Latest undersea search fails to turn up Airbus black box
Investigators have again failed to find the black boxes from an Air France jet that crashed into the Atlantic near Brazil last year, killing all 228 people on board. They do not yet know if they will continue the search.
AFP - French crash investigators have failed to find the black boxes from an Air France jet that plunged into the Atlantic and do not yet know whether their hunt will continue, their agency said Tuesday.
Flight AF447 between Rio and Paris was lost almost exactly one year ago when it plunged into the ocean with the loss of all 228 people on board.
The French air accident investigation agency BEA said the latest phase of its undersea search for the Airbus 330-200 jet's flight data recorders had drawn a blank and that the search would halt for at least a month.
"The search came to an end yesterday," said BEA chairman Jean-Paul Troadec.
"We have decided to perform a review of all the search operations, which began almost a year ago. We'll bring in our partners. It'll take at least a month or two to do this review and decide whether to continue the hunt."
Many relatives of victims of the crash allege that the BEA, Airbus and Air France are dragging out the enquiry to avoid admitting that the disaster was caused by a known problem with the jet's air speed monitors.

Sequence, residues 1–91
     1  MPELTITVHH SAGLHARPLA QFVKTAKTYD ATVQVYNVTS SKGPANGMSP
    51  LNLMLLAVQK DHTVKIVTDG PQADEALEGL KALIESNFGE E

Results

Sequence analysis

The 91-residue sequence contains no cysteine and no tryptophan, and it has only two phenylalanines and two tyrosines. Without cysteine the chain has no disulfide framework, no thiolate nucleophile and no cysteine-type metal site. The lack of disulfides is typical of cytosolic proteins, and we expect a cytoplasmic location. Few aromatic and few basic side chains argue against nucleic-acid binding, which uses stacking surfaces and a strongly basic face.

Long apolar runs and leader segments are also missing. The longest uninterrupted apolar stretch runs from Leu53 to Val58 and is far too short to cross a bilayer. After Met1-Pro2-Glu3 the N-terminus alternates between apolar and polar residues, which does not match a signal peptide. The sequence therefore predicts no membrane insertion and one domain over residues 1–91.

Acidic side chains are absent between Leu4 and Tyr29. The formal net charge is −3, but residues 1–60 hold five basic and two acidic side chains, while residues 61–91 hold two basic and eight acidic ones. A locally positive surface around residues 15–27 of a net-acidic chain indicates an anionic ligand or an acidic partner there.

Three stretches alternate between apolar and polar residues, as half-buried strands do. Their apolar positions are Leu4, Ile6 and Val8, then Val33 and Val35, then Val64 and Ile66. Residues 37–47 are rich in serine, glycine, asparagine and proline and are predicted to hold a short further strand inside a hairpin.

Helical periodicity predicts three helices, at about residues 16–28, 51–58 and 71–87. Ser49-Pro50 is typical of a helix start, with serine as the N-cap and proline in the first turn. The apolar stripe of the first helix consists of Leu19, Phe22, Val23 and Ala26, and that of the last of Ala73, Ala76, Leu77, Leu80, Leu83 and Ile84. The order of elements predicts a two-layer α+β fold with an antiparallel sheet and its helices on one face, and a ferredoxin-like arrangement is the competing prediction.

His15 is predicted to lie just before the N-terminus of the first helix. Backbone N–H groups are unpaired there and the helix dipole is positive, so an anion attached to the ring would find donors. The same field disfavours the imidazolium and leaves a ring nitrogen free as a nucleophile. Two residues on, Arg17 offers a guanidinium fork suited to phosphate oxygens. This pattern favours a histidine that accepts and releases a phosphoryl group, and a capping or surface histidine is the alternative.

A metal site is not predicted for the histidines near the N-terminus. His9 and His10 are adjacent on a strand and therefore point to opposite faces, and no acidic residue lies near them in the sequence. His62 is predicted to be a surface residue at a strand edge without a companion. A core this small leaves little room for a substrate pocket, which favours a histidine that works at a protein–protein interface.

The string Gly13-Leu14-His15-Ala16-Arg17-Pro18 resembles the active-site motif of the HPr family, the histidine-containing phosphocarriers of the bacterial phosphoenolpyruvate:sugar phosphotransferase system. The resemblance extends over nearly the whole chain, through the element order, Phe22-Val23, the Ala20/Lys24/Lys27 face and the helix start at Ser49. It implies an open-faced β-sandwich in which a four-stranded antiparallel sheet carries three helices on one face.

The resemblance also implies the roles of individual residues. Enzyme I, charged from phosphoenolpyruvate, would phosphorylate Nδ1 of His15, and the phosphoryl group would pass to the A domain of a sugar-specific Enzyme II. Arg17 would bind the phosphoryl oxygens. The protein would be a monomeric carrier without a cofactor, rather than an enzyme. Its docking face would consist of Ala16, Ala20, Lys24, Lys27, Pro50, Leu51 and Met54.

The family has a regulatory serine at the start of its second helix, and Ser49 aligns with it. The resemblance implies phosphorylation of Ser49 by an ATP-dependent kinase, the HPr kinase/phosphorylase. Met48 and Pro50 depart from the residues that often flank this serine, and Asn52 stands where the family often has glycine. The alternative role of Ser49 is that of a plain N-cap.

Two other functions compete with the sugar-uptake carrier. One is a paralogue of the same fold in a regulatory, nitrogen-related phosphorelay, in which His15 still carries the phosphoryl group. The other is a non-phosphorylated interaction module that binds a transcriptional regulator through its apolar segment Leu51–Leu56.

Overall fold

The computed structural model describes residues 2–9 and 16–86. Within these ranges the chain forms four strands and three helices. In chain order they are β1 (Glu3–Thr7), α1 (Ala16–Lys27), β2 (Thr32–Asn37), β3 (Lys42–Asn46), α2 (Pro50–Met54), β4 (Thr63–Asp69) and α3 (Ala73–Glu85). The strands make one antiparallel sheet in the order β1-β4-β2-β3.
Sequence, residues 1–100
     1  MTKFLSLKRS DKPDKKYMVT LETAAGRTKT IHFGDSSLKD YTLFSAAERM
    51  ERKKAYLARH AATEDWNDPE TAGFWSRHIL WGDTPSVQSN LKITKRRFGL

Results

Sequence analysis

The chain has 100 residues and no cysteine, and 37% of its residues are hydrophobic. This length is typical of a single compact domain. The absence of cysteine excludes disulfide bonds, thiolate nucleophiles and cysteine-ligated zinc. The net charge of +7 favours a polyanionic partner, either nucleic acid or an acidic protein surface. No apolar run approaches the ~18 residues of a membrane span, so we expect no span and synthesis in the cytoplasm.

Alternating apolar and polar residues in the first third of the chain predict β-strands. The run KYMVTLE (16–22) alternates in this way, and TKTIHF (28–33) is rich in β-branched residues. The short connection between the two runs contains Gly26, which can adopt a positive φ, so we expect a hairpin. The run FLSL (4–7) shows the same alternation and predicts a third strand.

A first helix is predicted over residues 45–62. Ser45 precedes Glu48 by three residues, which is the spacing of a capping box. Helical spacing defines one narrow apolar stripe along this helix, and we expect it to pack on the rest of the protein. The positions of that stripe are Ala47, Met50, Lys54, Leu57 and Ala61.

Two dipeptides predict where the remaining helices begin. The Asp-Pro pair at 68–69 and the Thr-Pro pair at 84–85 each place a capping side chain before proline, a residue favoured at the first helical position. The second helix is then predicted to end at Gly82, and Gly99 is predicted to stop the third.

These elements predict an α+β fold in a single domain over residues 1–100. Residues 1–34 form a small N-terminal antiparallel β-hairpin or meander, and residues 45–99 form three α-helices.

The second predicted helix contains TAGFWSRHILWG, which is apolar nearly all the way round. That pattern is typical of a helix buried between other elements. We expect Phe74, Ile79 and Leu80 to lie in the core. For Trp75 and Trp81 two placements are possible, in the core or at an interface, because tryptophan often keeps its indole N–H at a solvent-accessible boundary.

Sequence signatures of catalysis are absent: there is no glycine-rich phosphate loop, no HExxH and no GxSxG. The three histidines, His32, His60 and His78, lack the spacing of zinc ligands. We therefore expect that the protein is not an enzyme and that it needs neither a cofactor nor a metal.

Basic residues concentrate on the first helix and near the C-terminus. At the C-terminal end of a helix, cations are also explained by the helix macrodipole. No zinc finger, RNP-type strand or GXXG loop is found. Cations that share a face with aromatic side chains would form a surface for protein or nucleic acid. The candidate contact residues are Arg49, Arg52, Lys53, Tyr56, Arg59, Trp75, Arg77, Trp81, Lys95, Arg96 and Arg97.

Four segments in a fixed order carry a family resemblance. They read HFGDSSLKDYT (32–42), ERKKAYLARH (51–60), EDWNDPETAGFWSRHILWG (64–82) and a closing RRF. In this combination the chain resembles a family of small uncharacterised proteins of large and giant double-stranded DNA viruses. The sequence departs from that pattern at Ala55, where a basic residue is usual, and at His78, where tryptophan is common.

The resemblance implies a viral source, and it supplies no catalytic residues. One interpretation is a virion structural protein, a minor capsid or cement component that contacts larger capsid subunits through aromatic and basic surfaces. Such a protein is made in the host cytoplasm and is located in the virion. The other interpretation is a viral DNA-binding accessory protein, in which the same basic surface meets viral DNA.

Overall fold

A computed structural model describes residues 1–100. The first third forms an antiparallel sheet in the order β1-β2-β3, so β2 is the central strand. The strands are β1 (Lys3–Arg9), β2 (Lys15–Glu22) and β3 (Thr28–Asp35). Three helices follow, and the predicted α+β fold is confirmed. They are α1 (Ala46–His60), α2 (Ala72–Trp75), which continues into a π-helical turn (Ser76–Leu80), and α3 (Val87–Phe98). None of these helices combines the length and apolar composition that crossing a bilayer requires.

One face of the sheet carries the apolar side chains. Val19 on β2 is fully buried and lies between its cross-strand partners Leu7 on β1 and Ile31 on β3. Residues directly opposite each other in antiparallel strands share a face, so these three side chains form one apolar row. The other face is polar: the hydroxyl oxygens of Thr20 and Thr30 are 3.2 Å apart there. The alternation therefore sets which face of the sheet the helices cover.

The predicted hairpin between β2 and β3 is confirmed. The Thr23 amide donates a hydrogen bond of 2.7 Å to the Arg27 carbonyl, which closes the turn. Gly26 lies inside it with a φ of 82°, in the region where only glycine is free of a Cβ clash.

A series of automatic error messages were emitted by the onboard flight computer shortly before it disappeared from radar, and the BEA has confirmed the plane was receiving faulty speed readings from the Pitot probes.
So far, however, the agency has only said that the Pitots, which are thought to have iced up at high altitude, were a contributing factor and are not thought to be the sole cause of the tragedy.
Air France has since replaced the Pitots on its fleet of Airbus jets with a newer model, without saying that the older one was responsible, as some pilots and lawyers acting for the families have alleged.
Troadec insisted the BEA had not yet any clear scenario in mind as to what caused the crash, and warned that without finding the black boxes -- which now seems extremely unlikely -- the precise cause would be difficult to confirm.